It’s never easy to raise money in the restaurant industry. Yes, there’s been a window for a number of years where we’ve seen private equity, both funds and individuals, investing in promising deals. This is particularly true in new concepts that have shown strong initial growth with the potential to be franchised. The same for fast-growing corporate stores that would eventually be sold to a strategic buyer.
This is a new world and the old window for an easy raise of capital is closing. Let’s look at the new thought process, exploring five different ways in which to raise money during these tough times:
Private Equity Firms
Some of the major private equity firms that were participating in the restaurant industry pre-Covid may pull back somewhat because of valuation issues and uncertainty of their previous investments, but don’t be totally dissuaded. There are still a number of private equity groups looking for opportunities. I will call them “opportunistic funds.”
Many of these opportunistic funds are closely held, and I am aware of at least four firms looking for smaller investments, generally in the $3 million to $10 million investment range. They are looking for emerging concepts. They won’t get hung up on valuation because they are probably going to take a preferred class of investment and stage their investment dollars into the company.
Also, one private group I am aware of is looking at loaning money to worthy owner-operators versus their normal equity investment stakes. Obviously the interest rate they will charge is high, but this takes away a little bit of the risk from the current uncertainty. OK, it’s easy to talk about these groups, but how do you find them?
A good way is to look for capital is by reading up on previous deals in industry publications, such as the Monitor. The Monitor’s Finance & Real Estate Directory is also a great source for capital. Talk to accountants and lawyers who work in the restaurant and franchise finance world. Feel free to contact me, or members of our firm. In summary, private equity is not dead, it is just more opportunistic.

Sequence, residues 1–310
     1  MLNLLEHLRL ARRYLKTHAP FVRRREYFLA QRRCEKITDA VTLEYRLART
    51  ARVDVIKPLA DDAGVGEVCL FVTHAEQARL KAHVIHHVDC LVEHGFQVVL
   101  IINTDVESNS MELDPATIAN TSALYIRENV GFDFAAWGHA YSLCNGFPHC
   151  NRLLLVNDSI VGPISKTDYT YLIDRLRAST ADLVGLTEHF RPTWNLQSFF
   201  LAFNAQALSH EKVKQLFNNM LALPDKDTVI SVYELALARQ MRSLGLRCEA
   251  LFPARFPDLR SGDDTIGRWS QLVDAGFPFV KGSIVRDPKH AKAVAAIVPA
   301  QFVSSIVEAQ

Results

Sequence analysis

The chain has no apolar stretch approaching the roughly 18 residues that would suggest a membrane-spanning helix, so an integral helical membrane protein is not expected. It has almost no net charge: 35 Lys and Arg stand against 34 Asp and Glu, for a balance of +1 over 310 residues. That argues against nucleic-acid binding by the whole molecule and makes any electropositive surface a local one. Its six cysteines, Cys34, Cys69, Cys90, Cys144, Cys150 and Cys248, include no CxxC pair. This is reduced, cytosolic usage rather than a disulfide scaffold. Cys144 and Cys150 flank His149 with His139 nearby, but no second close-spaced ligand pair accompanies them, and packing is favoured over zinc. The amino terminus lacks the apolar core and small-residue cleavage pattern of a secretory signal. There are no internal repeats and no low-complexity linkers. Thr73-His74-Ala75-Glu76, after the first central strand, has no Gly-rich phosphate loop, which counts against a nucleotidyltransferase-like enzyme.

I’ve come to believe that you should partner with your landlords. Landlords need their tenants to succeed, so things such as working capital, Covid-related capital improvements, or converting back rent to equity are all items to be explored. Large national landlords are probably not going to provide equity, although they may look at repayable, or earn-out loans. Local landlords are the best candidates for making investments. Also, it is good to have the landlord investment in a separate entity that only owns that particular store.
Try as much as possible to structure landlord investments as equity, and make sure they are paid back out of profits, sometimes using a waterfall approach where the landlord gets a preferred return first and then to the common shares. All of this can be negotiated.
The private placement market is still alive. In fact, while potential investors may be somewhat cautious, they also may have a soft spot in their hearts for small business. The nice thing for many investors is that the stock market has come back to life, so they don’t feel their net worth has dipped and they also may be thinking that private investments are at historic low values and thus worth considering. So a carefully drafted private placement document can be very effective. If you own a concept that has either bottomed out, or shown some resilience during this period, it may be a good time to raise money with a private placement. Private placement equity can be used to either shore up your working capital position, or to fund future growth.
In our online world, what fits better than crowd funding? There are two types of crowd funding: reward-based and equity-based. A pure equity approach may be tough because of the uncertainty in the Covid world, but the reward-based crowd funding tactics are right on point. People who have stayed home and now are looking to go back out again want to get a deal or feel a part of something and are likely to crave gift cards, discounts, clubs, special offers and memberships. All of these crowd-funding techniques and money they raise can help to restore working capital. Try and be creative. Groups like Kickstarter or GoFundMe are a good starting points.
Local, State and National Programs
The last idea for raising investment in this type of market is to look at some of the grants that state and local governments are providing. There also may be some money for minority-owned businesses. You need to scour local, state and national programs (that are more than just PPP) and find other resources that may be available. I can think of a number of states that do have these grant programs available to small business owners.
These are just a few ideas for you to consider. The key is to be resourceful. Check with your professional advisors and don’t be afraid of asking others, including your existing investors. They may want to protect their investment and might consider providing some bridge money to get you through these tough times. Just remember this: There is still money out there.
From the September 2020 issue of Restaurant Finance Monitor